Vegetable Cheesy Tart

Finally (you might think), a savoury recipe! I get the idea to some people I come across as someone who merely feeds off dessert. Let me assure you, that is not the case. It’s widely renowned that I have a (massive) sweet tooth and, to be perfectly honest, desserts appeal to me a lot more than a chicken breast – this sounds wrong on so many levels, but I’ll just carry on. Come think of it, I have two punnets of blueberries in the fridge which I NEED to use. Will have to come up with something quick. Now, back to this recipe. The inspiration comes from Giallo Zafferano, the Italian equivalent, if you want, of the BBC Good Food website. This tart features on the website under the name of ‘Italian rustic tart/pie’ and has a fancy lattice pattern on top. I modified the recipe to suit my needs, but if you want the lattice on top, then by all means do make it.

The filling is encased by a very cheesy crust, made with Parmigiano Reggiano. Please don’t get Parmesan cheese, that tastes nothing like the real thing. I chose a good mature cheddar for the filling, which marries the ricotta and the vegetables beautifully. I also added an egg to the filling to make it set more, you’ll see when you cut it that it is crumbly as it is already. Last note, I added some dried herbs, namely oregano and sage, to boost the earthy and rustic feeling of the tart – once again, if you have fresh herbs, then don’t be scared to use them. The quantities indicated below make enough pastry and filling to line two tins. Depending on how deep your tins are, I managed to make two tarts using a deep 20cm fluted tin and a 10x25cm rectangular fluted tin.

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Ingredients (for the cheese shortcrust pastry)

  • 200g unsalted butter, cold and cubed
  • 400g plain flour
  • 100g Parmigiano Reggiano, finely grated
  • 1 pinch of salt
  • 4-5 tbsp water

Ingredients (for the filling)

  • 100g peas (frozen is fine)
  • 200g carrots, finely diced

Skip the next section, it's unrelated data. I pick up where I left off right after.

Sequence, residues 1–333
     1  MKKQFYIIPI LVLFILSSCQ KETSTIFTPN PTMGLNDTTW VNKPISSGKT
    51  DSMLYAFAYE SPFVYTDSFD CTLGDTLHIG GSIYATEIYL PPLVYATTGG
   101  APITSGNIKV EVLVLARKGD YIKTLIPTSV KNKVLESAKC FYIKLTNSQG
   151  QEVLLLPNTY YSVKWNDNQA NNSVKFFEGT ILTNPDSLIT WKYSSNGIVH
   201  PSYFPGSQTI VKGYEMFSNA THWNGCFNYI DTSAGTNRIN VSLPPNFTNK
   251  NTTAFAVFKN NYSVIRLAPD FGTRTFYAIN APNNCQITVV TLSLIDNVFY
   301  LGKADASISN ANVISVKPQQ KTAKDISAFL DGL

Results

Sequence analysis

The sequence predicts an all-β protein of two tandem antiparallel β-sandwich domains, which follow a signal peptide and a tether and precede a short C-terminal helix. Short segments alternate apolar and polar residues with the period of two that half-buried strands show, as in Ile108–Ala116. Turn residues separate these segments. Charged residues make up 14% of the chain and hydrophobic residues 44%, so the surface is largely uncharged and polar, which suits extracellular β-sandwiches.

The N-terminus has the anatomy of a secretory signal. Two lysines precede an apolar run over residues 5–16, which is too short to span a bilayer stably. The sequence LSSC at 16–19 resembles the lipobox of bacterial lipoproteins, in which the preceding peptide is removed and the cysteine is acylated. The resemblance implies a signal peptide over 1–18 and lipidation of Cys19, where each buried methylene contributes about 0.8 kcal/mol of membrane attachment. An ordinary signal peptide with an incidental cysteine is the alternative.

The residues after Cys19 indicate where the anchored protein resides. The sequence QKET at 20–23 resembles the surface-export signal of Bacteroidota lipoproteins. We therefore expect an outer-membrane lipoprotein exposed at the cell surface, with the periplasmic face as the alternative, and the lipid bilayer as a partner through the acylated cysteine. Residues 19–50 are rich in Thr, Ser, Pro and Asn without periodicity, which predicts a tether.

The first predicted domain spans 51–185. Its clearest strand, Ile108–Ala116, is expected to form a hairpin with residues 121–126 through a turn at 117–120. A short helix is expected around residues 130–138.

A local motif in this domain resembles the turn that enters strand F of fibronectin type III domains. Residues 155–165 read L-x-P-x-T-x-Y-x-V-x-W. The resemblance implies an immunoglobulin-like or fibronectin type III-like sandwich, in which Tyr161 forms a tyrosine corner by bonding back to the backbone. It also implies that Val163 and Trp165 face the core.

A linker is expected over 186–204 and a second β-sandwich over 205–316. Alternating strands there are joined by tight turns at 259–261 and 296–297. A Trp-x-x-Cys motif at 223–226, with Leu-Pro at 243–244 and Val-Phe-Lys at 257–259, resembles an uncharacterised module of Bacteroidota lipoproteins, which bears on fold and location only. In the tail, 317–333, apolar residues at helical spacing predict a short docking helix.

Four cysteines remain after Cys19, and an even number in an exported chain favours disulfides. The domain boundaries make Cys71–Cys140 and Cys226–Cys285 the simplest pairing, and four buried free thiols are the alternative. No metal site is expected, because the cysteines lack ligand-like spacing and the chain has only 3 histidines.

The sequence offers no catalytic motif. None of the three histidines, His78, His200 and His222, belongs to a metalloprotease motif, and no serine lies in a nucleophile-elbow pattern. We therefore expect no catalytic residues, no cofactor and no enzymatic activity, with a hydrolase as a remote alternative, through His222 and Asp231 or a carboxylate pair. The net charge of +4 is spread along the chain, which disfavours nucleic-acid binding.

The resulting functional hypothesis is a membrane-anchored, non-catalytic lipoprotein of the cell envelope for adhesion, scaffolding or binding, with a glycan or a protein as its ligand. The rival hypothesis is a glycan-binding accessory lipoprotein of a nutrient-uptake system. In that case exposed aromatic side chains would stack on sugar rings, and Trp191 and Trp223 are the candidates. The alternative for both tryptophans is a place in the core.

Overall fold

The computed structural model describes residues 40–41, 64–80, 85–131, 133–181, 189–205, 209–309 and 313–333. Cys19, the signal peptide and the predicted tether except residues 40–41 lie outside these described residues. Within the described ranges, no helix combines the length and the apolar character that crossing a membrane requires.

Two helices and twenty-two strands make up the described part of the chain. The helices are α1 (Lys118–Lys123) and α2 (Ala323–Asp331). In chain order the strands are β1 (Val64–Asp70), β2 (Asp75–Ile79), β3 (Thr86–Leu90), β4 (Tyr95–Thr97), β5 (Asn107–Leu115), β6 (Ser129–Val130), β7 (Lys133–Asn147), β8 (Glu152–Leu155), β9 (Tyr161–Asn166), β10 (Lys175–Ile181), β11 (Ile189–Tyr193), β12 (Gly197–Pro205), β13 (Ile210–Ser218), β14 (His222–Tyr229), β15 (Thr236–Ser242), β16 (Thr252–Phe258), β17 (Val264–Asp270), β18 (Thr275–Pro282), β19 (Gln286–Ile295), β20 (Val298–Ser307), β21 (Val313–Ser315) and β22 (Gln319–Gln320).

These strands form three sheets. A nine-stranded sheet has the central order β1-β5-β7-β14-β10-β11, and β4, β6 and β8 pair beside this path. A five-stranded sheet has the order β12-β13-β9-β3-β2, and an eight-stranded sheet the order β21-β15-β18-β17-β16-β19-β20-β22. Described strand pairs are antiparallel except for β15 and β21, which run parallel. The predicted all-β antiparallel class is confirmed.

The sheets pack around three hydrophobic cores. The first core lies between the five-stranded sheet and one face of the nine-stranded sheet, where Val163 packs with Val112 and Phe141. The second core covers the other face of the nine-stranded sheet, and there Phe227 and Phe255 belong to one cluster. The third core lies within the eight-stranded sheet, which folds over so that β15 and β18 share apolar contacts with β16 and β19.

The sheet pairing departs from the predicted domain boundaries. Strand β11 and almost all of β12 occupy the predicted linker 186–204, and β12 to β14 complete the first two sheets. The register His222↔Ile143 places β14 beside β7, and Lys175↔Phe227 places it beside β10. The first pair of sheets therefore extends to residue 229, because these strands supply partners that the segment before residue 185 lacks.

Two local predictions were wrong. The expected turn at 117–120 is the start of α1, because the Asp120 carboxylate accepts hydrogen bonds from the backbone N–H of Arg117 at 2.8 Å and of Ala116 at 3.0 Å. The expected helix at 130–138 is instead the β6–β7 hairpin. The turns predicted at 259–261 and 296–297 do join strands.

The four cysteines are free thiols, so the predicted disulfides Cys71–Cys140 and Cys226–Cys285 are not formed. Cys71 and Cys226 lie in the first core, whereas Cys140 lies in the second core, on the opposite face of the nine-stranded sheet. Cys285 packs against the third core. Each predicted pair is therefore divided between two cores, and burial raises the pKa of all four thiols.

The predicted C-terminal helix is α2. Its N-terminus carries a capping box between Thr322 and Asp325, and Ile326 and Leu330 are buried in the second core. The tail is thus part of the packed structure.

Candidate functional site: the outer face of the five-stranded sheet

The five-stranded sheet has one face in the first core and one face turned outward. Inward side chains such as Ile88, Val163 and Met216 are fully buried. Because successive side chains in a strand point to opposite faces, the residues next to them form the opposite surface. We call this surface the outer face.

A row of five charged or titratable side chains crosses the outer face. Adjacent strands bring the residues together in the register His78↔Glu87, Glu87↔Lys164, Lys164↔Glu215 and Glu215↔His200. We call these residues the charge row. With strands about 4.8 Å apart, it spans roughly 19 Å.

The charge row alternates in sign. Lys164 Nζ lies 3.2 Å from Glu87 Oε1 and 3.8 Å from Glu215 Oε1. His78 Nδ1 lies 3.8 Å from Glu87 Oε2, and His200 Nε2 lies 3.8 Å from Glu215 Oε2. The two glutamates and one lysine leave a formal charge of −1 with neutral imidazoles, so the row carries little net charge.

• 200g courgettes, finely diced
  • 350g asparagus
  • 400g ricotta
  • 100g mature cheddar
  • 1 tbsp whole milk
  • 1 garlic clove, finely minced
  • 2 tsp dried oregano
  • 2 tsp dried sage
  • 100g black olives, drained and sliced
  • olive oil
  • pepper

Method

  1. To make the shortcrust pastry, tip the flour, salt, cheese and butter in a food processor and process until thoroughly blended and the consistency of bread crumbs. If you prefer, you can also do this by hand by rubbing the flour and cheese mixture into the butter. With the motor running, slowly start adding the water, one tablespoon at a time. Check your pastry before adding more as it will start to clump together when it’s ready.
  2. Tip it out of the food processor and gently knead for a couple of minutes to bring the whole pastry together. Shape in a ball, flatten to a disc, wrap in clingfilm and put in the fridge for at least 1 hour to relax.
  3. In the meantime, start making the filling. Blanch the asparagus in a pan of boiling water, then drain and rinse in cold water to stop the cooking process. Slice in rounds, then set aside. Pre-heat your oven to 180C.
  4. Ensure the courgettes and carrots are finely diced, then tip them in a frying pan with a drizzle of olive oil and the garlic, then gently cook over a medium heat until still crunchy but slightly softened. Towards the end of the cooking time, add the peas and the asparagus, then season with pepper and some salt (be stingy with salt as there is more cheese coming later). Set aside.
  5. Drain the ricotta in a sieve to get rid of the excessive moisture. Dice the mature cheddar cheese finely, then add them to the ricotta together with the egg, herbs, milk, olive slices and some pepper. Mix together, then add to the cooled vegetable mixture.
  6. Take the pastry out of the fridge, then roll out half to line a 20cm fluted tart tin. Make sure you push the pastry into the edges, then roll a rolling pin over the top to cut off the excessive pastry and use your fingers to push the pastry slightly above the edge of the tin. This way, when the pastry cooks, it will shrink back to the level of the tin and you won’t end up with no pastry left. Small note: I usually chill the pastry case for another 30 minutes once I rolled out the pastry and before I blind bake it. This ensures the pastry doesn’t shrink as much as you give the gluten in the pastry time to relax again in the oven.
  7. Prick the base of the pastry case with a fork, then blind bake it using the required beans/weighs for 20 minutes. Remove the beans/weighs and return to the oven for another 7 minutes, to cook the base.
  8. Spread enough filling into the pastry case to reach the edges, then bake for a further hour. Keep an eye on the tart and check it regularly to ensure the top is not burning. When cooked, remove from the oven and allow to cool slightly before transferring onto a serving dish.

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